CHARLIE LOWE/THE HOYA GUSA President Nate Tisa, center, joins more than 40  students Monday on their way to Epicurean, where they delivered cards and flowers to workers and confronted the restaurant's owner, who is accused of withholding pay.
GUSA President Nate Tisa, center, joins more than 40 students Monday on their way to Epicurean, where they delivered cards and flowers to workers and confronted the restaurant’s owner, who is accused of withholding pay.

More than 40 students marched into Epicurean and Co. on Monday afternoon to present a petition with 500-plus student signatures to owner Chang Wook Chon, demanding fair treatment of Epicurean workers.

The event was organized by the Georgetown Solidarity Committee with the help of members of Georgetown chapter of the National Association for the Advancement of Colored People, Hoyas for Immigrant Rights and the Georgetown University Student Association.

Chon was charged in 2010 with withholding overtime wages from workers and violating the Fair Labor Standards Act. He pled guilty in March to criminal contempt for violating a court order issued during a civil lawsuit.

Although Chon’s civil lawsuit is ongoing, Chon is also accused of bribing an employee who had attempted to recover back wages through the lawsuit with the promise of a promotion if he would drop the civil case.

The group presented its petition to Chon and gave cards and flowers to the restaurant’s employees.

“Georgetown is defined by its commitment to uphold its Jesuit values. Epicurean workers are valuable members of our community, and as students we’re extremely concerned about how the workers have been treated,” GSC member Irene Koo (COL ’16) said.

The event was also meant to motivate the university administration, which protestors say has not been properly responsive to worker conditions on campus. Students said the university had not enforced its Just Employment Policy, which was implemented in 2005 after a group of GSC students mounted a successful hunger strike to urge the administration to raise custodial workers’ wages in a Living Wage Campaign.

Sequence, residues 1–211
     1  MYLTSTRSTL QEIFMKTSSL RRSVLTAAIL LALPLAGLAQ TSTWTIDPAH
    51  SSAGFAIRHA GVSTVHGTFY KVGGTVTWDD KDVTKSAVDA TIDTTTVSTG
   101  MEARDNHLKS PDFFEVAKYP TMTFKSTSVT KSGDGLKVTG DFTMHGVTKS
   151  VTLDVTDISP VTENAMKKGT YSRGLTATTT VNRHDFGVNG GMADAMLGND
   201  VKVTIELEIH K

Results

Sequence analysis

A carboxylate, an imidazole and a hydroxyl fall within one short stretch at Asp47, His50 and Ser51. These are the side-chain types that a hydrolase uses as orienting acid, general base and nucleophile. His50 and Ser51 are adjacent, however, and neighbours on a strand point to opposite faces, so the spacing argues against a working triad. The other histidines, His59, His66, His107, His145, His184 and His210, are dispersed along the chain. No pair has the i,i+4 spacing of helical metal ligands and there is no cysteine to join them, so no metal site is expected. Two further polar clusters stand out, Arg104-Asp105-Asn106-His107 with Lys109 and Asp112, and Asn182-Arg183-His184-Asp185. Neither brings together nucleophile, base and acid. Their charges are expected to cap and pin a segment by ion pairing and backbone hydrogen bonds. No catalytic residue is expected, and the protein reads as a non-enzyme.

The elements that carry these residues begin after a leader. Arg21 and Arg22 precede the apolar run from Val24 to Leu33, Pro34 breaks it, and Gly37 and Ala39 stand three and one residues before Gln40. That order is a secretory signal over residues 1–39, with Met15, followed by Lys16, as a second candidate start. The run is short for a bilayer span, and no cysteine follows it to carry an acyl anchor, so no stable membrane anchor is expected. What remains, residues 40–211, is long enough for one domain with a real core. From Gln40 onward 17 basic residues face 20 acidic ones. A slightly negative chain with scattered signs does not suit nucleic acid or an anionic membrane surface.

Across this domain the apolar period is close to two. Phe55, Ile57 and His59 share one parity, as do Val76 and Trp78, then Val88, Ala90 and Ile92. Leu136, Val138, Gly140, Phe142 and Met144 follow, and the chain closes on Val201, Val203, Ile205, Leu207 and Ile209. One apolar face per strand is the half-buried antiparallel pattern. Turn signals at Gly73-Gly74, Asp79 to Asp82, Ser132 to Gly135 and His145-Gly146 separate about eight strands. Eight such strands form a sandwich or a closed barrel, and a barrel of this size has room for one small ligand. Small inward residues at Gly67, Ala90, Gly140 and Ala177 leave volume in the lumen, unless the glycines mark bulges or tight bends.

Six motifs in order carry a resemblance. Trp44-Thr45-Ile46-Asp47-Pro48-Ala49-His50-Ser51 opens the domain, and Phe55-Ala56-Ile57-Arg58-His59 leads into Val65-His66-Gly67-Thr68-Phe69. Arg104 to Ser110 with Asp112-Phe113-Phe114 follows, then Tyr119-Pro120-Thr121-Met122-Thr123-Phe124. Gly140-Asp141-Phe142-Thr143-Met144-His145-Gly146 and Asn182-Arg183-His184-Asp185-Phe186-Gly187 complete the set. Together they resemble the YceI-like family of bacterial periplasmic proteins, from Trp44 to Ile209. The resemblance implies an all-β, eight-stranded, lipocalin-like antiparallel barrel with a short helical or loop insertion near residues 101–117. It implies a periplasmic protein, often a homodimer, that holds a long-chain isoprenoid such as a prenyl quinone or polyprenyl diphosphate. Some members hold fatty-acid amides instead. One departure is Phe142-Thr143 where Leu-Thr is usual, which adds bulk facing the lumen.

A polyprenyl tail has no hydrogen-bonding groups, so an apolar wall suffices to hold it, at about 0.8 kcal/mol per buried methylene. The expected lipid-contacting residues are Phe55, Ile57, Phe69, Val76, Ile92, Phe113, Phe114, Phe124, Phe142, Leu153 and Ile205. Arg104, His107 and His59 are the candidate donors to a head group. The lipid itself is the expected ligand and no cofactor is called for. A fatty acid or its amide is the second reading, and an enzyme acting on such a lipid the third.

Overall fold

In the petition, students called on Chon to make a public commitment to the Just Employment Policy, work with the university to set up accountability measures and institute Just Employment Policy training for Epicurean workers.

Hoyas for Immigrant Rights President Citlalli Alvarez (COL ’16) said she hoped the protest raised awareness among the student body and exerted pressure on the university and Chon.

“We hope that it sent a clear message that Georgetown students are interested in what’s happening at Epicurean and that [Chon] would feel pressured to ultimately run his workplace in a way that it needs to be run and provide his workers their deserved rights,” Alvarez said.

Students who participated saw the event as a way to demonstrate their commitment for just treatment of Georgetown employees.

When asked about Georgetown’s Just Employment Policy, Chon said that he has abided by the policy despite the ongoing lawsuit.

“Yes, we have been following and reporting. We had an incident last year. I think I’m doing a good job. You know, I have those contracts and I will follow them. I will do my best,” Chon said.

The event was planned for Monday in advance of Tuesday’s meeting of the Advisory Committee on Business Practices. The ACBP, composed of university administrators, students and professors, addresses compensation and other workplace issues for contracted and hourly employees.

“It will definitely come up tomorrow in the meeting, and that is when the committee will be actually discussing how to move forward,” Koo said. “It’s basically giving the university a gentle nudge.”

Koo attributed the success of the protest to the turnout and expressed optimism for working conditions at the restaurant in the future.

“We seemed to really have caught [Chon] off guard, which is really good, because the issue will definitely be on his radar now. He’s really going to be thinking about making sure he’s really going to follow the Just Employment Policy. Now that we went in and gave him the petition, he knows that people are watching closely,” Koo said.

Despite student leaders’ optimism, Epicurean and Co. workers were confused about the purpose of the sudden influx of students.

“It’s really sweet. I really appreciated it. But what just happened? What was it about?” an Epicurean worker said.

The worker said she heard about Chon’s lawsuit in the spring but was not aware of any development since then.

GUSA President Nate Tisa (SFS ’14), who represented student government at the protest, highlighted the process as an important step for more student engagement in lobbying for fair treatment of workers at the university.

“The Just Employment Policy means that workers are a part of our community and that we have the responsibility to make sure they’re being treated fairly,” Tisa said. “It’s great that students are active and caring about the community. The event went well. It sent a clear message, and I have high hopes that positive results will come out of this.”

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